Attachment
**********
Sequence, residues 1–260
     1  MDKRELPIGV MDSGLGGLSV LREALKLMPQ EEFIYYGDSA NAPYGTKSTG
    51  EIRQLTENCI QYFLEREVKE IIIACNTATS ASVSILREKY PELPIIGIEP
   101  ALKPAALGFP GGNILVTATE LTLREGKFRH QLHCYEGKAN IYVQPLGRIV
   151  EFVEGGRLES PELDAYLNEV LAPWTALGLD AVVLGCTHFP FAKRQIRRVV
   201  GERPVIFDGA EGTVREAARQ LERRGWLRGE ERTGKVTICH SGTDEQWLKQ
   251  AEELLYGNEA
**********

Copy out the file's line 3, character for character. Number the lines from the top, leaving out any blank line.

    51  EIRQLTENCI QYFLEREVKE IIIACNTATS ASVSILREKY PELPIIGIEP